Project Name:Implementing the Disaster Recovery Tracking Tool
Other Research Participants/Partners:Phil Berke, Professor, TAMU
Long-term, coordinated, systematically collected, and shared data on recovery is needed to effectively improve community resilience to future disasters. Tools are needed that can be used to measure disaster recovery at the local, regional, and state level so that best practices can be adopted. Valid and reliable quantitative and qualitative measures of community disaster recovery are needed in order to be able to track recovery in different geographic locations, from different types of disasters, and over time. The proposed research will transition the existing Disaster Recovery Tracking Tool into a widely adopted web-based tool for end users to track the progress and quality of post-disaster recovery by entering baseline and post-disaster data for up to 79 metrics with two pilot communities. Technical assistance and training will be provided for the two pilot communities. Lessons learned will be incorporated into final marketing materials, a training module, and a user guide for additional end users.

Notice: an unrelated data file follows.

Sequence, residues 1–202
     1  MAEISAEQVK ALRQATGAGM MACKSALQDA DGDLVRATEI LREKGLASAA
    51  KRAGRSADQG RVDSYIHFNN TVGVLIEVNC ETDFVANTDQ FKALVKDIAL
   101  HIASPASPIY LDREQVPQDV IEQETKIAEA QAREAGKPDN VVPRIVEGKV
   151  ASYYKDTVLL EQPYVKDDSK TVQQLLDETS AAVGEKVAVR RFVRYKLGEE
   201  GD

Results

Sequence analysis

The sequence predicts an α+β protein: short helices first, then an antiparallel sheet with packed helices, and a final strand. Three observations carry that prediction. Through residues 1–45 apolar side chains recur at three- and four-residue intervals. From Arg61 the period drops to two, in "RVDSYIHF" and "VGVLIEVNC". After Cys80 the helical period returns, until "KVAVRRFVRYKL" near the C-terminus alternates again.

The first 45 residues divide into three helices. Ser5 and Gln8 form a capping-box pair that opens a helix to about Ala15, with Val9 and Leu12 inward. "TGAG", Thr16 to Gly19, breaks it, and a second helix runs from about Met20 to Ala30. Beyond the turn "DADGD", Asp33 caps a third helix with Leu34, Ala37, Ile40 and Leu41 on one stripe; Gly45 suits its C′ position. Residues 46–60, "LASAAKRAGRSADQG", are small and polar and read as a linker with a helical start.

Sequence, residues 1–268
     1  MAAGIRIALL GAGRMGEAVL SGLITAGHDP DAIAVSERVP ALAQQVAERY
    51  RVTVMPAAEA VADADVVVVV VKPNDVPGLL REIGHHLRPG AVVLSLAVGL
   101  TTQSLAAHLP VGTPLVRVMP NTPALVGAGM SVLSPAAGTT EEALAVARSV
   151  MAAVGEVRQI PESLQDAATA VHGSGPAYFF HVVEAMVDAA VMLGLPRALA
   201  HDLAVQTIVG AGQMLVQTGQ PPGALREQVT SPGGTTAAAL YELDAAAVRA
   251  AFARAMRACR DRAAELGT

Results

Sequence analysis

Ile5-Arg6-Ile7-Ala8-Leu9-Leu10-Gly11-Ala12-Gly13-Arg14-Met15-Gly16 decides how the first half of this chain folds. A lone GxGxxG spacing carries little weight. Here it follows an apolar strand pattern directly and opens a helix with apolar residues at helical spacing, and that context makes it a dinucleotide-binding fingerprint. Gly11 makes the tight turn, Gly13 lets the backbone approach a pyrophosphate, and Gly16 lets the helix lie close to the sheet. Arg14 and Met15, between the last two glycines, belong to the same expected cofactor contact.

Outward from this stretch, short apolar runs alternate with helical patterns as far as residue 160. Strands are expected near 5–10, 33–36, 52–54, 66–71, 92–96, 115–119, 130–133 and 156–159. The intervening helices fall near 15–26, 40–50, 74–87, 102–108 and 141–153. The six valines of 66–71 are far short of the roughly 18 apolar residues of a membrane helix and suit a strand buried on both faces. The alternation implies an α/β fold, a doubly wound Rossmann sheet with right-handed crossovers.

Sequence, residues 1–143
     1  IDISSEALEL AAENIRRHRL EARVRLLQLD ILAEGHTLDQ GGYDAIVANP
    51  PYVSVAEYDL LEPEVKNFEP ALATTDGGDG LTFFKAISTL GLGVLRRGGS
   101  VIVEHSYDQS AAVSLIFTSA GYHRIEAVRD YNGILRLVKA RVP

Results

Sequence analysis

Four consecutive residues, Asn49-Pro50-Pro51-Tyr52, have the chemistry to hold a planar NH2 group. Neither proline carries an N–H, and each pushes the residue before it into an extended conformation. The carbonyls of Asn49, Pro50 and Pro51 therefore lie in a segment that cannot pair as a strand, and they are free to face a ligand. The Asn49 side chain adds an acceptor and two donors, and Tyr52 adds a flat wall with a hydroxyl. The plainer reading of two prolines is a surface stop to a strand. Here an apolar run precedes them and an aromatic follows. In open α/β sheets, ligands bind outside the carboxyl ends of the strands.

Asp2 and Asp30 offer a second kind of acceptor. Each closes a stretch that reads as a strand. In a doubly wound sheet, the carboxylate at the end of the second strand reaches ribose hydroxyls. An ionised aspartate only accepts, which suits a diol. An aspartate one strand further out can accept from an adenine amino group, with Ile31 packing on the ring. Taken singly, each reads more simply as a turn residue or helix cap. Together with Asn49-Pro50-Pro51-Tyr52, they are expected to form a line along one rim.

Public health impacts of disasters, linkages between planning and disaster outcomes, community engagement and participation
Presentations and Reports:
In the News:
Tool for tracking an equitable recovery
The strange reason people trust Waffle House more than officials during extreme weather
Thousands of people didn’t evacuate Hurricane Matthew. Why not?
Texas A&M receives funding to develop systemic ways of measuring disaster recovery process
Dr. Horney explains her project: